Seconding the recommendation to discover Brene Brown. Also, as an editor, I wanted to put it out there to anyone who has had an experience like that… We only respond to writers that we think are worth it. Even working for a small ministry magazine, let me tell you, editors get loads of pitches and press releases every day. The longer their response, the more of their limited time they have spent on you. Correction or being challenged by an editor should come with an encouragement every time: “We see something special in you. You are worth it. We think you have something great inside!” Even if it is a flat out rejection. There is no obligation in editing to respond to everyone. If they wrote back, especially if it included recommendations, know that they see potential and promise in you. This is not to say you don’t have what it takes if you were ignored, but just to encourage those who have received fair, but brutally honest criticism, please always take it with the knowledge that they consider you as a writer worth responding to and worth helping (because, to an editor, they are suggestions and helpful advice, not daggers. Even though they can hurt like that to a writer and we forget that, unfortunately.)

    • Sarah Markley says

      i love that jenna. and i love hearing the perspective from the side of the editor! i do love you editors =) you push us to do our best.

  6. says

    I read
    line upon line
    and tears fill my eyes.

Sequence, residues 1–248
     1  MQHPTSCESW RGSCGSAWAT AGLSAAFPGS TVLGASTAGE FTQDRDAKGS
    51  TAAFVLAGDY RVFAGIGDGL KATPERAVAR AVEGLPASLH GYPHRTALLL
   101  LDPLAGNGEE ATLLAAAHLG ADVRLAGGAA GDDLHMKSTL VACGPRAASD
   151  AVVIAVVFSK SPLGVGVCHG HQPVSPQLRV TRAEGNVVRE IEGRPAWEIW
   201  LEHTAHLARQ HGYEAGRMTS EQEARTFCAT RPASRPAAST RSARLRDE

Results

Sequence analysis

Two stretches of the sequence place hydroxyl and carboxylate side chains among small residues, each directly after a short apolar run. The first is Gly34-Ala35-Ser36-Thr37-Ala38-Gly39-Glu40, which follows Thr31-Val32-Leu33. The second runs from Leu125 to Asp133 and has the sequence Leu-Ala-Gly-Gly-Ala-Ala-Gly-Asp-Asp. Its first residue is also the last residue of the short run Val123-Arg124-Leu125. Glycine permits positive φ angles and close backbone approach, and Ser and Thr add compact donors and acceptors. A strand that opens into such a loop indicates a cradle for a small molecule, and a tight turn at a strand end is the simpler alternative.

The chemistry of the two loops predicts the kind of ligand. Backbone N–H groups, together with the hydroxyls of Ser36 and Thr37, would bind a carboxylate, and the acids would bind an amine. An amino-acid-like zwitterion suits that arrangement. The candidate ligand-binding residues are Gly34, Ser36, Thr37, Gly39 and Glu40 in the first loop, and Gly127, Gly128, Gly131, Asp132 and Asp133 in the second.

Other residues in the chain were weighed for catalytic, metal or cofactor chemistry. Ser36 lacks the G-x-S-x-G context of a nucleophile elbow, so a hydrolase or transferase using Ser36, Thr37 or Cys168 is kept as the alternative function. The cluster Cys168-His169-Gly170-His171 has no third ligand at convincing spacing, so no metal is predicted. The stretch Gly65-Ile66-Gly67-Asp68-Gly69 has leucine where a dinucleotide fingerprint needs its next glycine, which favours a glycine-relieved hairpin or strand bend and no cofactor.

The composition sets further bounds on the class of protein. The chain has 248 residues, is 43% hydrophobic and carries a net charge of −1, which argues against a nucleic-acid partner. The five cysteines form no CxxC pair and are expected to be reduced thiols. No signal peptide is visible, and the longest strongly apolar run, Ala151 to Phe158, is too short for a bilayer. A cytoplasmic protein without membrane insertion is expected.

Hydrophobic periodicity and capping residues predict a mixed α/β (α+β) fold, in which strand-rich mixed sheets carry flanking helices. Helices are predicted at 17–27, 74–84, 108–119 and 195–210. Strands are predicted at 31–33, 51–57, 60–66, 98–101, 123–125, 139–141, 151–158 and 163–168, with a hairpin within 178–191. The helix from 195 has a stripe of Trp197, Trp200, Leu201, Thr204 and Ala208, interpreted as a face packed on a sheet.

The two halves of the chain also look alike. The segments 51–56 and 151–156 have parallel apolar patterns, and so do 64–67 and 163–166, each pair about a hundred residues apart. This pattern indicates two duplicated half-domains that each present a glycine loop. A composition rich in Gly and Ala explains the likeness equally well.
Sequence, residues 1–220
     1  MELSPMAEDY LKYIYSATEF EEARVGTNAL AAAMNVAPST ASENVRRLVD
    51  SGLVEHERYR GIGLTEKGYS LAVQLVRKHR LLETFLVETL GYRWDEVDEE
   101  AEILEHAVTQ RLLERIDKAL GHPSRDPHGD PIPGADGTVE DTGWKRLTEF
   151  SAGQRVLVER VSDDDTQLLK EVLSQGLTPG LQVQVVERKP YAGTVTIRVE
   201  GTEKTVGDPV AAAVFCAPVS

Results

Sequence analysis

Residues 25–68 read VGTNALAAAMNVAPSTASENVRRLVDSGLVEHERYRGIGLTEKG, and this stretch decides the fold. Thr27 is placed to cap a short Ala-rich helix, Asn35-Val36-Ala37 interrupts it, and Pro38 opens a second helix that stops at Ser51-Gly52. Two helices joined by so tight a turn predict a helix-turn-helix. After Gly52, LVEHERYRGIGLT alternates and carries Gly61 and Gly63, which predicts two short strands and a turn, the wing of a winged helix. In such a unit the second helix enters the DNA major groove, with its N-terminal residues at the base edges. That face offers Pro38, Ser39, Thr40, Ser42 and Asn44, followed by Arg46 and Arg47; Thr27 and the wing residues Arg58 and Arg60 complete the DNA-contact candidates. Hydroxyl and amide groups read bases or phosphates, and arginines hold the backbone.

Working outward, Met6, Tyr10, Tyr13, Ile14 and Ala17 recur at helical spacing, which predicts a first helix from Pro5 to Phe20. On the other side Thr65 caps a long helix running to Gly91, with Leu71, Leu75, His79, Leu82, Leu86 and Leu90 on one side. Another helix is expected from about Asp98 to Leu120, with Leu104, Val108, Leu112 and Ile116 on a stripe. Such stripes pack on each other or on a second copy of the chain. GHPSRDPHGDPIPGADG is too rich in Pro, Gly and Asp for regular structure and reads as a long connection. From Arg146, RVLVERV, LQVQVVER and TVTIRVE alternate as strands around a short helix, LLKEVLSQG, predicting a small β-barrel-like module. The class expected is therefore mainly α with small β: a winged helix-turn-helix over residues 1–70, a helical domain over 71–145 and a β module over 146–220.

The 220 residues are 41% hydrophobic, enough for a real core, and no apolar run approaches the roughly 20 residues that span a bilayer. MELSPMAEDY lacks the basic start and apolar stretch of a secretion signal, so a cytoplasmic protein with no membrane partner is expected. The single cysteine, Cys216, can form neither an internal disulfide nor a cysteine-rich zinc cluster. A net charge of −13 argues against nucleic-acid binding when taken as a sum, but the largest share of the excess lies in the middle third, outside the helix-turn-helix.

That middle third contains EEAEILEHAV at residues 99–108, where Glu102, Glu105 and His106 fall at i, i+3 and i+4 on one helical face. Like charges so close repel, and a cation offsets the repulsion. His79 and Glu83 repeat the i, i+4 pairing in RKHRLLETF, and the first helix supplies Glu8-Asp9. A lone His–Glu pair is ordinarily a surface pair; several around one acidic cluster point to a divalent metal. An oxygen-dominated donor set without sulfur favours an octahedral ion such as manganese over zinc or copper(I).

bravery ….
    everything-I-can’t-tell-anyone-about is going on ….
    i want to be a brave writer …
    safe makes me S.I.C.K
    i’m tired of being afraid
    i’m tired of settling out of fear.
    i want most of all to be brave for my children.
    thank you for sharing.
    it’s such a blessing to know
    that i am not the only one

    and i can’t help but wonder
    if you will be as moved by these words
    as i was when i first read them
    and still am today.

    you should definitely watch brene brown on

  7. says

    Such a great post. And absolutely something I am working on. I want to write funny, light, factual…but I know when i open it up and get really REAL is when people connect most with me.
    Thanks for sharing, and encouraging!

    • Sarah Markley says

      yes!! we need funny too! but for you? if brave for you is writing differently, then do it! just don’t forget the humor. we need more funny in our lives!!

  8. says

    Love this. Found you via Sarah Bessey on Twitter, and what a fabulous post. “Brave” has been a vitally important word for me, and I wear it on a pendant around my neck. Thanks for these inspiring words.

    • Sarah Markley says